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Dig led by Mike Rose
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moonjazz (CC BY-SA 2.0)
Several marine species are reacting badly to the increasing acidity of the world’s oceans, caused by climate change as carbon dioxide dissolves in the water.
eelke dekker (CC BY 2.0)
As the oceans become more acidic because of rising carbon dioxide levels, smaller plankton will thrive at the expense of larger species, with potentially dangerous effects.
SteveD. (CC BY 2.0)
Fish and other species will be affected by rising temperatures in the oceans, which will slow the growth of the plankton which is the base of most marine food webs.
corydalina (CC BY-SA 2.0)
New research suggests that by 2100 there will be no seawater left with the chemical properties that have supported coral reef growth in the past.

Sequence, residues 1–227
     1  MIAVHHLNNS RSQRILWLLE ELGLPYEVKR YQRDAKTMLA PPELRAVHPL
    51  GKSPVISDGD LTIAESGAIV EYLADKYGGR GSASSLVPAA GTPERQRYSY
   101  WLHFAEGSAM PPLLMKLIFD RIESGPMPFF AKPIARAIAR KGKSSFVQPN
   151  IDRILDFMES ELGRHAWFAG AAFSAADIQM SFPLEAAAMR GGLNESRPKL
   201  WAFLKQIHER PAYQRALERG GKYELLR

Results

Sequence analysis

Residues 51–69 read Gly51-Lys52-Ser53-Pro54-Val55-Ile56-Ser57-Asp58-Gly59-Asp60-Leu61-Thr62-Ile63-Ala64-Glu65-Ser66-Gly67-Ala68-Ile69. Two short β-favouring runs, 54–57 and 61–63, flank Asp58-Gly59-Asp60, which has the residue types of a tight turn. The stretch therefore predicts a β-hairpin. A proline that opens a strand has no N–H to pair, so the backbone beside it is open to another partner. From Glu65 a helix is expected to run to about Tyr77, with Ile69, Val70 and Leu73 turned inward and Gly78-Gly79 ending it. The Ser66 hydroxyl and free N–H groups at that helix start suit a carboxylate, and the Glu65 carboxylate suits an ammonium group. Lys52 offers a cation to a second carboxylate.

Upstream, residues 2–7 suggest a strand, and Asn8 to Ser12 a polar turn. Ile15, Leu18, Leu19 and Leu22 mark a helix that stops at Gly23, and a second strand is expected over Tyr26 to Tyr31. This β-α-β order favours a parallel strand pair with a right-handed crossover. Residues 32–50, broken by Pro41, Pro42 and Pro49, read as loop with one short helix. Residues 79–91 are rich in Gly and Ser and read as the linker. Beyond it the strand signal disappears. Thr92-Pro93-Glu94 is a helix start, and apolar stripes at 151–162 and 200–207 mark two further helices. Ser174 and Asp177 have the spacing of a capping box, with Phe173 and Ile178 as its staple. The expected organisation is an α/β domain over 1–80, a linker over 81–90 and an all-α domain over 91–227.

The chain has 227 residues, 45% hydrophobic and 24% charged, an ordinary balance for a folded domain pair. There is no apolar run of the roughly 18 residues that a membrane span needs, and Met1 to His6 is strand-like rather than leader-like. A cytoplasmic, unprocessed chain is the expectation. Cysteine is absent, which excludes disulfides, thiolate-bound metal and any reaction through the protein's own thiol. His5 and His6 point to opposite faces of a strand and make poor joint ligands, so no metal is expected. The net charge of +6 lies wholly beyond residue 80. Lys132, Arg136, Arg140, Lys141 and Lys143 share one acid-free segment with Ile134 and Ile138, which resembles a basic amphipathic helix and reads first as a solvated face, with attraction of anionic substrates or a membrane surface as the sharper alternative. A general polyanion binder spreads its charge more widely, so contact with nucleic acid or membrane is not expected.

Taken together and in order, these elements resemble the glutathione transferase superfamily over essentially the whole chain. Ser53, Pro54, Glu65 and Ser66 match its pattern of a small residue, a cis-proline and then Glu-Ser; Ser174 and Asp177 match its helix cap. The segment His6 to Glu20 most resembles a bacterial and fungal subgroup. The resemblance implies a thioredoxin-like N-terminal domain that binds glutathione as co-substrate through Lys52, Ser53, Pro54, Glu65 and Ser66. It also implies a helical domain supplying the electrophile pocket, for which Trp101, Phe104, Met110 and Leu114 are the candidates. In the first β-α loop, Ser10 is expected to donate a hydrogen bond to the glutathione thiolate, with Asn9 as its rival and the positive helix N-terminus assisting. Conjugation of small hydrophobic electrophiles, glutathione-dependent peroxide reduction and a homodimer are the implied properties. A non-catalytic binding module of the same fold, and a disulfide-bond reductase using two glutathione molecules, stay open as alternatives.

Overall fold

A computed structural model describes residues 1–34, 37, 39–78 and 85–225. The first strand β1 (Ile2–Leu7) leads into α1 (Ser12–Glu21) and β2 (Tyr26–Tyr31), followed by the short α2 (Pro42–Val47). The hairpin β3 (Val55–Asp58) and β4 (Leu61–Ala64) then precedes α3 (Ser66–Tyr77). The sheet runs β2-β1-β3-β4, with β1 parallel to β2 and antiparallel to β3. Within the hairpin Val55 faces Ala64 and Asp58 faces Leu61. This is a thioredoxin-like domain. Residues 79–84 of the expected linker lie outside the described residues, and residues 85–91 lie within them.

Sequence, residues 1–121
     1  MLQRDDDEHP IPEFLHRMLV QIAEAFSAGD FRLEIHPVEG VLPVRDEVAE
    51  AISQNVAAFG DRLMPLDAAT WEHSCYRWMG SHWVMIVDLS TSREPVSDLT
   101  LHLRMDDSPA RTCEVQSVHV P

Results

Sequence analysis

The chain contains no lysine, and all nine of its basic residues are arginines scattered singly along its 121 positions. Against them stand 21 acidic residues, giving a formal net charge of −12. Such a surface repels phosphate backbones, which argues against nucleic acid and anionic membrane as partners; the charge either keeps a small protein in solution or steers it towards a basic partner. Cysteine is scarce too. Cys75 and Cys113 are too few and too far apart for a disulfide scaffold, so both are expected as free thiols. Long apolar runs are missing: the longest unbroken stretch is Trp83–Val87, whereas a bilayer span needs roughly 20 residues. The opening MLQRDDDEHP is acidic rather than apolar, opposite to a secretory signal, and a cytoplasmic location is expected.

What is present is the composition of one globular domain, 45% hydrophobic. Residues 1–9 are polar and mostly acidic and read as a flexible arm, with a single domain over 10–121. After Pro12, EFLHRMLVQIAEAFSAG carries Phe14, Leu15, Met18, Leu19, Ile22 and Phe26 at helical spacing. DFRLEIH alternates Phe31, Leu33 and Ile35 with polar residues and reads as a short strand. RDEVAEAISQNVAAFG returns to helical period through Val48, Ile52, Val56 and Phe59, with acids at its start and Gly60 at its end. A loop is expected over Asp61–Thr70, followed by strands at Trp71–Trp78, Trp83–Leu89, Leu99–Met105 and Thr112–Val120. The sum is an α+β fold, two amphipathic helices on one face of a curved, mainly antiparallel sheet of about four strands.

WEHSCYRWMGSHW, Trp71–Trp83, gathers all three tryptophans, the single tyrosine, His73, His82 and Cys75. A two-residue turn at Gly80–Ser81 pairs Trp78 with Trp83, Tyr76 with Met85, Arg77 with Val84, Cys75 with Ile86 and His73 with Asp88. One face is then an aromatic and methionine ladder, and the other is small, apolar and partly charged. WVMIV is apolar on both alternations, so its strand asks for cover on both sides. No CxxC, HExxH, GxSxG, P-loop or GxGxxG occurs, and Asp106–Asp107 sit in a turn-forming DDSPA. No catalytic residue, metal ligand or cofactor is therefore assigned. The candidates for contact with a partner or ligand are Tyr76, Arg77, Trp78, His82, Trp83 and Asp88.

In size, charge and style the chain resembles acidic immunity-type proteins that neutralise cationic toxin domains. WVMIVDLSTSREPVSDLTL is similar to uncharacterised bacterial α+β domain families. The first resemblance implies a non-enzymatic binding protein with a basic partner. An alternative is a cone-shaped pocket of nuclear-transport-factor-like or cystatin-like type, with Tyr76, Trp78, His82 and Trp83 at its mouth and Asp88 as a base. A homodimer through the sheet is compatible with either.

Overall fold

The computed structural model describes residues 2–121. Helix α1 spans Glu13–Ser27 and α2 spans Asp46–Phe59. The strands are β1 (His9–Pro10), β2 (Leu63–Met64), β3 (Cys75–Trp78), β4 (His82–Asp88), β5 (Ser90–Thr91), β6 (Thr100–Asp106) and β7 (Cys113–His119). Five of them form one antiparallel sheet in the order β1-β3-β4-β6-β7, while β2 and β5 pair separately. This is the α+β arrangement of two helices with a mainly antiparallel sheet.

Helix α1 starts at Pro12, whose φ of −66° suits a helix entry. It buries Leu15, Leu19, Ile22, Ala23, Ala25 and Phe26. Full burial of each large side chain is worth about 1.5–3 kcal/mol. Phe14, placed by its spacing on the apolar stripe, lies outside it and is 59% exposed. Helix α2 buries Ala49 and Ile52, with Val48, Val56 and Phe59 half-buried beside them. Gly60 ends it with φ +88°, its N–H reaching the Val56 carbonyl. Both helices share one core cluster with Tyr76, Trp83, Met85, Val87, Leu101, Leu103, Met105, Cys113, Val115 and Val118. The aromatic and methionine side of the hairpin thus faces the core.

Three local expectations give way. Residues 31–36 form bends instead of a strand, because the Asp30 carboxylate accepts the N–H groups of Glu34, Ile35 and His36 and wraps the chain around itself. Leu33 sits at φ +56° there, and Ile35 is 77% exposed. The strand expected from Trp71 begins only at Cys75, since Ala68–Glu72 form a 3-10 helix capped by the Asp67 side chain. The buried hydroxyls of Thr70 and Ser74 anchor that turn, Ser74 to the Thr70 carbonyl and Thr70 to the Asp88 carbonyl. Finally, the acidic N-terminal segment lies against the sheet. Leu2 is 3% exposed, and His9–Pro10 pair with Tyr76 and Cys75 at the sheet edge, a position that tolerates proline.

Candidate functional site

laszio-photo (CC BY 2.0)
Two important habitats for marine life, coral reefs and eelgrass meadows, will endure warming and acidifying seas. But they will become vulnerable.
MFA Norway / Tomas Solli
With the proportion of Americans concerned about climate change dropping from 62 percent four years ago to 48 today, Al Gore is poised to turn the tide in a daylong lecture on the subject, with an hour devoted to every time zone in the world. (more)
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